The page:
From touch down in Tel Aviv I can’t begin to explain the enormity of the impact of the rest of the day. The running commentary – as we were driven along the Israeli only motorway – on the impact of partition on the lives of the Palestinians; the primary school on the other side of that road from the Palestinian village which it seeks to serve – and tunnel through which children and their parents have to go through to get there, risking attack and sometimes even death. A young boy was shot there on his way to primary school only a two months ago and died.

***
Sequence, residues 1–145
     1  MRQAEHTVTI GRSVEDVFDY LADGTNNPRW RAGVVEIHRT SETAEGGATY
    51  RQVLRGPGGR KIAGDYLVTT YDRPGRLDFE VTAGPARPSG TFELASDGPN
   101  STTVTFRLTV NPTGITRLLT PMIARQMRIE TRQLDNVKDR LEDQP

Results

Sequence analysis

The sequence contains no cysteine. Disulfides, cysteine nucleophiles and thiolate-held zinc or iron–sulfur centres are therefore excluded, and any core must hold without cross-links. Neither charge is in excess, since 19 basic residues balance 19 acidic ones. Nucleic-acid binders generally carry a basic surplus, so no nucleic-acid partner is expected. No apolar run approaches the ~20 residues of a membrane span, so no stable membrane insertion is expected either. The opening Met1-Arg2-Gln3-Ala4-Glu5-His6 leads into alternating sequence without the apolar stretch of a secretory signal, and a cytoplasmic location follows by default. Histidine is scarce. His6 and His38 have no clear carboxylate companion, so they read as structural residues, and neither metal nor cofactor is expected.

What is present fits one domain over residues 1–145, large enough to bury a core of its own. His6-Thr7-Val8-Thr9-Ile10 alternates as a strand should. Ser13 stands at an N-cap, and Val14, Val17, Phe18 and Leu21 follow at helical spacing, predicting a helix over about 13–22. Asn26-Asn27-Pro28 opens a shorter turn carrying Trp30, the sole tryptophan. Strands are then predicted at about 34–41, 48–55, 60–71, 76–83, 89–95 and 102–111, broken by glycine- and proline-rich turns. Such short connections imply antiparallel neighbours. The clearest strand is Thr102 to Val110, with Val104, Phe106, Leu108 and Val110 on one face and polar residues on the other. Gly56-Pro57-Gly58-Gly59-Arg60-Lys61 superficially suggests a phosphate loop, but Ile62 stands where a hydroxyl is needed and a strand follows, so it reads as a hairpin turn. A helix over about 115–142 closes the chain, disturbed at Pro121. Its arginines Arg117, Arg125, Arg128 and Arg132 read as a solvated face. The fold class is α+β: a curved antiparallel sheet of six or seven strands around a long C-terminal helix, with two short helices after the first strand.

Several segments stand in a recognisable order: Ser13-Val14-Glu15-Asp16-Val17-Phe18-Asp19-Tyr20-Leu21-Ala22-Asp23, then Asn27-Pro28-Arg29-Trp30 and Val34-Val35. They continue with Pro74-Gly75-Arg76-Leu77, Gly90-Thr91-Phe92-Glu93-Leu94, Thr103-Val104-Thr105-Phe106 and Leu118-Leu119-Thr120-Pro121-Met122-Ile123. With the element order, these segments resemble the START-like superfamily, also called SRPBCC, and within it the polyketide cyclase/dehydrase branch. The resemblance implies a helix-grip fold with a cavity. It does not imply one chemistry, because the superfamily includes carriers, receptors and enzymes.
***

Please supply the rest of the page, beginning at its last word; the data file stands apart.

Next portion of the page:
The black water tanks on the houses in Palestinian villages – lest the water is cut off for three or four days at a time… Water is freely available to the Israelis and settlers and illegally under quota according to the WHO, for Palestinians. No water tanks needed on the roofs of the grander houses in the new settlements.
The wall – a massive barrier of concrete – garnished in graffiti and banksy art works. The wall – massive, thick, cutting through the land like a big wound.
That was a long trip and eventually the day promises an end after the big induction meeting after tea. Work begins tomorrow at 8. This family has lost their home to this policy of destruction three times now. We were reminded not to worry about our building skills. We are – we were told – building hope. All skills welcome in that process. Apparently the whole refugee camp is coming out to welcome us in the morning. Overwhelmed doesn’t come close .